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Why Drugs and Hormones May Interact in Psychiatric Disorders

Stephen M. Stahl

Published: April 1, 2001

Article Abstract
Brainstorms: Why Drugs and Hormones May Interact in Psychiatric Disorders.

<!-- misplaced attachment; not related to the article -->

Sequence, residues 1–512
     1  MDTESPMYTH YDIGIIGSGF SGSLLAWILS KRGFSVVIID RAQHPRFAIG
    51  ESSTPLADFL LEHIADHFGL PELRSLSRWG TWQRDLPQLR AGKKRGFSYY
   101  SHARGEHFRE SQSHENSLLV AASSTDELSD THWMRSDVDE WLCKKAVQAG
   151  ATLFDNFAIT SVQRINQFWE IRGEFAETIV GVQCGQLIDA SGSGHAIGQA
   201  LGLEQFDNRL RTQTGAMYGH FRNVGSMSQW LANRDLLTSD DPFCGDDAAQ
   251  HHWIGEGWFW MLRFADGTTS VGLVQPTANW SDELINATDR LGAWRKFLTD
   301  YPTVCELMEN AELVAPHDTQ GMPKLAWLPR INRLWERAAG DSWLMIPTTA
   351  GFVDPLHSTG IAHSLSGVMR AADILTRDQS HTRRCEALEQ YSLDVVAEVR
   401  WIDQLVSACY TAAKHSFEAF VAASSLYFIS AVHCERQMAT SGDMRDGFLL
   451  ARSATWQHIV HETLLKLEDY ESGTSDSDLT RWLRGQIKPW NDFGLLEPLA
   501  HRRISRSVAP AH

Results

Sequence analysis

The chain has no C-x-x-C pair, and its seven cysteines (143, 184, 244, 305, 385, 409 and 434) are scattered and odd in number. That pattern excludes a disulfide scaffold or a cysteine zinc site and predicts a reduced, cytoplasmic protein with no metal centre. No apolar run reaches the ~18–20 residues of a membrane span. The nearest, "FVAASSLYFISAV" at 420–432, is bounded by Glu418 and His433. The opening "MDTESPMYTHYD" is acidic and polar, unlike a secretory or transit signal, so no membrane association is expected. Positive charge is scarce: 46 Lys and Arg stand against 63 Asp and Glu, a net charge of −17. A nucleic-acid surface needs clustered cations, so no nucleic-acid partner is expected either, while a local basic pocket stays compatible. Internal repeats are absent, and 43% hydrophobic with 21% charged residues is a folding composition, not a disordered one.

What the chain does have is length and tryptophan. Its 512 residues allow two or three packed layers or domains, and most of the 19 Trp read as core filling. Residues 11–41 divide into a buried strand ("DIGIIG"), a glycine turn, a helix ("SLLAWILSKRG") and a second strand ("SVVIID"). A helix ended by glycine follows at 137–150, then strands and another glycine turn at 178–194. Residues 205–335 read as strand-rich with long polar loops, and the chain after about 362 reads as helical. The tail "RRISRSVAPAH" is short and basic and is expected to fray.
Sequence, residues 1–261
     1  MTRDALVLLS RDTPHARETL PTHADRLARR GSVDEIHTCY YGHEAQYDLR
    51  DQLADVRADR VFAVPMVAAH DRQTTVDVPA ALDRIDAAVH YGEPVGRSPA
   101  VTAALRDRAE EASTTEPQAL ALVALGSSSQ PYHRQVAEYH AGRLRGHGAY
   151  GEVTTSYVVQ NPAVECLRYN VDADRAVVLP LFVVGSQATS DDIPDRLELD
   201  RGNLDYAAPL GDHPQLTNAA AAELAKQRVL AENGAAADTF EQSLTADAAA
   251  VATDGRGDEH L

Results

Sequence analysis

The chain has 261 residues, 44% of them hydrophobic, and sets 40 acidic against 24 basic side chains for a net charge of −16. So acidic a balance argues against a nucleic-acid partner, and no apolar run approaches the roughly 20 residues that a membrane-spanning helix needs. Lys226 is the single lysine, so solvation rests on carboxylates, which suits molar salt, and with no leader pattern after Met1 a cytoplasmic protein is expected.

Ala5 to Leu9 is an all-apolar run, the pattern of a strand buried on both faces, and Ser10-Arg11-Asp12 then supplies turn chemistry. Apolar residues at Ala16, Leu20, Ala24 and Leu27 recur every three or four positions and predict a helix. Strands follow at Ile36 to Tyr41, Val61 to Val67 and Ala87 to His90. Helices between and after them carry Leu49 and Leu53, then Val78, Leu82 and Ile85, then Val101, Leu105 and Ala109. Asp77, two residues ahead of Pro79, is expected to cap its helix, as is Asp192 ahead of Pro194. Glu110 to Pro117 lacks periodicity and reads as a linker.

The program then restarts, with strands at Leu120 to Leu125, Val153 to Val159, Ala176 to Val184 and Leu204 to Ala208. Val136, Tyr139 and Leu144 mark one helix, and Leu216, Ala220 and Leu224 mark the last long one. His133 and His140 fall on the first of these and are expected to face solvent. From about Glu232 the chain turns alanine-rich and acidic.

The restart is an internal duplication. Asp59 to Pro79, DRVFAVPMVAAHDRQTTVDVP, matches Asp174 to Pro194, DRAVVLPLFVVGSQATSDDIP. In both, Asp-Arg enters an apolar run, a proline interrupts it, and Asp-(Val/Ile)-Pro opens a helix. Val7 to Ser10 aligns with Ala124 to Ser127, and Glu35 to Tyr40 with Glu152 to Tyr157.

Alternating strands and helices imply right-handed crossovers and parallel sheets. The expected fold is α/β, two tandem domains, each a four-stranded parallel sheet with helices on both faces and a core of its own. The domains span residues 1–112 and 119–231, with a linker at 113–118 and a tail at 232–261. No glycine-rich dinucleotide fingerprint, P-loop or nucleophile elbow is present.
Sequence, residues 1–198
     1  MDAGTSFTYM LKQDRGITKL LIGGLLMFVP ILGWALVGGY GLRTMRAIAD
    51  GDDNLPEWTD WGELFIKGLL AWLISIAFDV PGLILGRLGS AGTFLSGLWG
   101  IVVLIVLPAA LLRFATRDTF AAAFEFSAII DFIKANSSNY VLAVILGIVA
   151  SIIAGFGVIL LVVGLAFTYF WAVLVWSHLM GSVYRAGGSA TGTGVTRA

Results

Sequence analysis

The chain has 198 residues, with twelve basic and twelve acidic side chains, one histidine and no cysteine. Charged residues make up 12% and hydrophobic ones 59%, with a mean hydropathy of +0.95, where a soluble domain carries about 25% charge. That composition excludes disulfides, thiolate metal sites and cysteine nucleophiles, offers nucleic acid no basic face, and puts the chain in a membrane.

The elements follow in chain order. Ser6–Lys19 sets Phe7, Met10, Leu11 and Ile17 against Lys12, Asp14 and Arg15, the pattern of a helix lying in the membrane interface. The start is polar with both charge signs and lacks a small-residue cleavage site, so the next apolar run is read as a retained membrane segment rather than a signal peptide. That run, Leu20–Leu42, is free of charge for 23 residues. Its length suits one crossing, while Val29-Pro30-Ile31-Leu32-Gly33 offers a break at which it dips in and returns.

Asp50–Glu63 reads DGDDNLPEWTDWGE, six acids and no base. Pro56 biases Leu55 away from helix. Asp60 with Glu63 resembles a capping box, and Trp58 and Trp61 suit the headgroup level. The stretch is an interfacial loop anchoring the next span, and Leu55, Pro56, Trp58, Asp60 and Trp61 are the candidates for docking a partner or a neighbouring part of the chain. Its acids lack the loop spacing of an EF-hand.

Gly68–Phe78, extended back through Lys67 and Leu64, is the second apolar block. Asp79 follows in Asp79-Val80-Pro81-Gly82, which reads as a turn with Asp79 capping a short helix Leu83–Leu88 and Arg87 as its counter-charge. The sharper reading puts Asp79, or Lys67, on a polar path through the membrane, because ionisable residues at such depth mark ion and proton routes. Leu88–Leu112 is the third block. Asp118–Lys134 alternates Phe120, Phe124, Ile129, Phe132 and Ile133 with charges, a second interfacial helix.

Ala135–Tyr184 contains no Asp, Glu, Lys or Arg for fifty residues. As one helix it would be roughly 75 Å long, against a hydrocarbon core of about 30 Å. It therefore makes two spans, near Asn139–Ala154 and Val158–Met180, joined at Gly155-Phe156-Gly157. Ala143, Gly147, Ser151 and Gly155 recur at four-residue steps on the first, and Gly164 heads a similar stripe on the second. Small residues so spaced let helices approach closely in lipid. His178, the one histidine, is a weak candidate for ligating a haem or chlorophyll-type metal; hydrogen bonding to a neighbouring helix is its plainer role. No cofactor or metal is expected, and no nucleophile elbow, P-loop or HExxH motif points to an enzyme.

Receptors most familiar to psychiatrists and psychopharmacologists may be those located in the neuronal membrane that normally interact with monoamine neurotransmitters. These include the 12 transmembrane region neurotransmitter transporters (e.g., the serotonin transporter or "serotonin reuptake pump") that are the targets of most known antidepressants, including the selective serotonin reuptake inhibitors (SSRIs). Other well-recognized neuronal membrane receptors include the superfamily of 7 transmembrane region G protein-linked second messenger systems that are directly or indirectly the targets of many other psychotropic drugs, such as antipsychotics, some anxiolytics (e.g., buspirone), some antidepressants (e.g., mirtazapine), and many more. Still other well-known receptors located in the neuronal membrane include the superfamily of ligand-gated ion channels, such as those for glutamate and γ-aminobutyric acid (GABA), and are the targets of psychotropic drugs such as PCP (phencyclidine) and benzodiazepines.

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